per year to clean up a 2 mile stretch of Rt. 32 that covers 2
stream crossings.




Grass Filter Strips

o

T
he installation of 200.7 acres of grass filter strips has reduced the amount of pollutants
by the natural filtration process.




Log Jam Debris Removal Program

o

The log jam removal program funds were received from Ohio General Assembly in 2000
to correct
problems due to the 1997
-
98 floods. Total grant was for $142,857. A large
portion of that was spent on 11 logjam sites in the Brown County portion of White Oak
Creek.




Water Monitoring Program

A water monitoring program was set up with 8 local school d
istricts in Brown and Highland
County. Each school was equipped with $5,000 worth of state
-
of
-
the
-
art equipment. The
school water monitoring teams monitored for 10 different physical, chemical, and biological
parameters. This monitoring data has been us
ed for baseline data. More information is
included in this document under the water quality monitoring section.




Livestock Exclusion Project

The livestock exclusion project has received funding through the Division of Wildlife to
install livestock exclusio
n fencing. There has been $67,235.51 spent in the White Oak Creek
Watershed area. Thanks to the Division of Wildlife over 5.8 miles of fencing has been
installed to protect 43.82 acres of riparian habitat for a minimum of 10 years. There is still a
need

for the reestablishment of 1,610 acres of riparian buffer habitat or 147.61 miles.
There are a total of 9,727 total livestock (6,967 cattle) in the watershed and approximately
280 head has been protected through the first round of funding. Additional la
ndowners are
on the waiting list for more fencing funds.


White Oak Creek Watershed

Livestock Fencing Program

FY 2003



Cost Share

Footage of
Fence

Streambank
Protected

Riparian
Buffer

(acres)

Subwatershed

Livestock

Excluded

Carl Beck

$6,630.00

2,400

1.92

Main Stem

9

Dan Henson

$10,000.00

12,600

10.2

Lower Main

100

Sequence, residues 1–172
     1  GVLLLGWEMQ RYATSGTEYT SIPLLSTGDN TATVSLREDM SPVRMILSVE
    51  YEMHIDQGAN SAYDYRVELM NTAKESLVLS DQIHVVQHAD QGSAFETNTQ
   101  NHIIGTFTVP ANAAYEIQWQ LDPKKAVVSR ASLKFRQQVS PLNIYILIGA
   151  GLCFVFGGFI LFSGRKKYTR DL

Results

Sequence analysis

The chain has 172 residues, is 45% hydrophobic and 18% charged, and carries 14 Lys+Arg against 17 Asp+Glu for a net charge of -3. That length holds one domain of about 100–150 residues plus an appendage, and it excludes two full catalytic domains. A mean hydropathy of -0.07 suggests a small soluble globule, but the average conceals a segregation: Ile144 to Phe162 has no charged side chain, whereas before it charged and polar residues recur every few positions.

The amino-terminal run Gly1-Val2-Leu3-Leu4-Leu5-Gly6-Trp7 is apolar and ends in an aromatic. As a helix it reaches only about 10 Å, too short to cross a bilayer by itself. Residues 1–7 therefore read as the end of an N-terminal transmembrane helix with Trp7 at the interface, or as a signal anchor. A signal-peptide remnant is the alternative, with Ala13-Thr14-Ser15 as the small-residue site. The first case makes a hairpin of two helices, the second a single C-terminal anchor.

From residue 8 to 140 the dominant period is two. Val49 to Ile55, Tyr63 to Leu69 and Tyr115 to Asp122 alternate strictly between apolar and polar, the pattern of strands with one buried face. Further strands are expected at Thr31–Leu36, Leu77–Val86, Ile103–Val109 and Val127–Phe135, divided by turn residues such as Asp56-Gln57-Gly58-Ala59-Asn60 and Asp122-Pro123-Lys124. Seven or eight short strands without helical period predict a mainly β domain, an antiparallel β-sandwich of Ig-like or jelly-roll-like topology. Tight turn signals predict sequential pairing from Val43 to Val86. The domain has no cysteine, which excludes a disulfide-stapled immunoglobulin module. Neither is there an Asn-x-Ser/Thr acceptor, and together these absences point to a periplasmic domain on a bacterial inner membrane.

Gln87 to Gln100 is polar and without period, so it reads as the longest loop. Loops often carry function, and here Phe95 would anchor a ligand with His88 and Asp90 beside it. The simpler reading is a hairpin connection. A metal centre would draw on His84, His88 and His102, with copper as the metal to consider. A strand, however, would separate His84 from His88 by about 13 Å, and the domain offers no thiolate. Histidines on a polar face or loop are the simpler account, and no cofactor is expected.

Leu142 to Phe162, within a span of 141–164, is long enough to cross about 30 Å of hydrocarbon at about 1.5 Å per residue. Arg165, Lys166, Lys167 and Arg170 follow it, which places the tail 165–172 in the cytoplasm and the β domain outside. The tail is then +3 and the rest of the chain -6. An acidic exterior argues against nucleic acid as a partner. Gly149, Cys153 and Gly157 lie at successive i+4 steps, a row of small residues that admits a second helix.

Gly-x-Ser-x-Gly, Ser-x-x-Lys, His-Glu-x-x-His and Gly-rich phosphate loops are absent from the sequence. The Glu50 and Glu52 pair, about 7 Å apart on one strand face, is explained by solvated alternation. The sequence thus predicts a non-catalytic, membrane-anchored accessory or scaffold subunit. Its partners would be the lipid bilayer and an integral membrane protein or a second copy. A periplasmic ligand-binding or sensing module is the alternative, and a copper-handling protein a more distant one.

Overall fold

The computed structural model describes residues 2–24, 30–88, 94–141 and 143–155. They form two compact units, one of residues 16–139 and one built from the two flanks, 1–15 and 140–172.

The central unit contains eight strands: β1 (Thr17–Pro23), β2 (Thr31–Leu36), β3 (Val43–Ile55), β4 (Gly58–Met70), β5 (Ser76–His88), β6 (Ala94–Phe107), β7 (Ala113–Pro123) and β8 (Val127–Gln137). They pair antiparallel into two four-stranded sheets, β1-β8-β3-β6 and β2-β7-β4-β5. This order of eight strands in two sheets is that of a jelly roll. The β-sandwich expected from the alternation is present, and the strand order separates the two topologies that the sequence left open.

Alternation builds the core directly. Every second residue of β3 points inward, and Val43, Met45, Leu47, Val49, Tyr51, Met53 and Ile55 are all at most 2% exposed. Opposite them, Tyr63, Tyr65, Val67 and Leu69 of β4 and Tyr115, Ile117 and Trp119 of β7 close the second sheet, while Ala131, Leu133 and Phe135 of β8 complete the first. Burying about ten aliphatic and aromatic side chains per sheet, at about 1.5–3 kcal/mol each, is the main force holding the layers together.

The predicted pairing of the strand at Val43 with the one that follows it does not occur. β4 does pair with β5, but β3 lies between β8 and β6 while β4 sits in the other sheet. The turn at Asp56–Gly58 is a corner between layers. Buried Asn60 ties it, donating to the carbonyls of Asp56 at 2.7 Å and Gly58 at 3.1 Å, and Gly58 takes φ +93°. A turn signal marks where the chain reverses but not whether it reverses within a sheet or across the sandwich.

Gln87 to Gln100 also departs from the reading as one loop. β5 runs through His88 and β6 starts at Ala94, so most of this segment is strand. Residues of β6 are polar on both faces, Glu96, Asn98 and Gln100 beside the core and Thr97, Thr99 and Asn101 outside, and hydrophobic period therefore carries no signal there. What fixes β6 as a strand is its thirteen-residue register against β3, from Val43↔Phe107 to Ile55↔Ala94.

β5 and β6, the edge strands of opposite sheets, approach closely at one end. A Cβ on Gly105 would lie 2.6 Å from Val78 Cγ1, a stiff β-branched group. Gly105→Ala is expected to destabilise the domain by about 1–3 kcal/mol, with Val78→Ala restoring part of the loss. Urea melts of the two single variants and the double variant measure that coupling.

Grover Shepard

$6,680.00

1,900

1.52

Main Stem

8

J & T Loudon

$10,000.00

3,000

2.41

Lower Main

10

Lisa Watson

$6,546.26

1,900

4.36

Main Stem

10

Lori Carter

$6,600.00

2,000

4.59

Main Stem

5

Charles Pursley

$5,939.25

2,100

4.82

Sterling Run

28

Bob McElroy

$4,840.00

2,200

14

Lower Main

60

Barb Casper

$10,000.00

2,500

5.75

East Fork

50









Miles


5.80





Totals

$67,235.51

30,600

43.82



280

Education & Community Outreach Programs


* Same as page 26
-

30



The White Oak Creek Watershed Project has been involved with a variety of educational
activities since the project started in 2000. Through the education and outreach, the project
has gained insight to stakeholder concerns in the

watershed. These concerns have been used
to guide this plan. There has been an excellent response by stakeholders at education and
outreach events. The following is a partial listing of education and community outreach
activities that have been conduct
ed.




White Oak Creek Public
Meeting



On March 27, 2001,
approximately 75 watershed
stakeholders attended the first
White Oak Creek public meeting.
It
was held in Mt. Orab in the
Sterling Run Watershed.
Stakeholder concerns were
recorded and prioritized

as follows:

1.

Littering & illegal trash
dumping

2.

Sedimentation & erosion

3.

Poor sewage treatment

4.

Drinking water concerns



White Oak Creek Public Meeting



The
second meeting on August 30, 2001, was held in the
headwaters of White Oak Creek at Hopewell
Educati
on Center. Over 60 watershed stakeholders
attended. Concerns were recorded and prioritized as
follows:

1.

Poor sewage treatment

2.

Sedimentation & erosion

3.

Drinking water

4.

Littering & trash dumping




Two Stream Clean
-
ups

1.

April 7, 2001


10 local 4
-
H
members helped clean up a 2
mile stretch of East Fork
Subwatershed.

2.

May 18, 2002


22 community
members cleaned appox. 2
miles of Sterling Run and filled
over 30 bags of garbage.




Teachers Workshop

August 14, 2001


The Wh
ite Oak
Creek Watershed Group and the Brown SWCD
sponsored the second water monitoring teacher
workshop. This workshop enabled teacher
volunteers to collect reliable water quality data
when the water monitoring groups test the
designated 20 sites within t
he White Oak Creek
Watershed. Eight high school science teachers
participated.




Storm water Stenciling


Student volunteers
participate in the watershed
storm water stenciling
projects throughout the
year.
This event helps educate
the
community against
d
umping chemical
pollutants into the storm
sewer.




AWARE Water Quality Training

August 6, 2002 & October 5, 2003


The White
Oak Creek Watershed Partners along with Brown
SWCD, Ohio Farm Bureau and Brown County
Farm Bureau hosted an exciting hands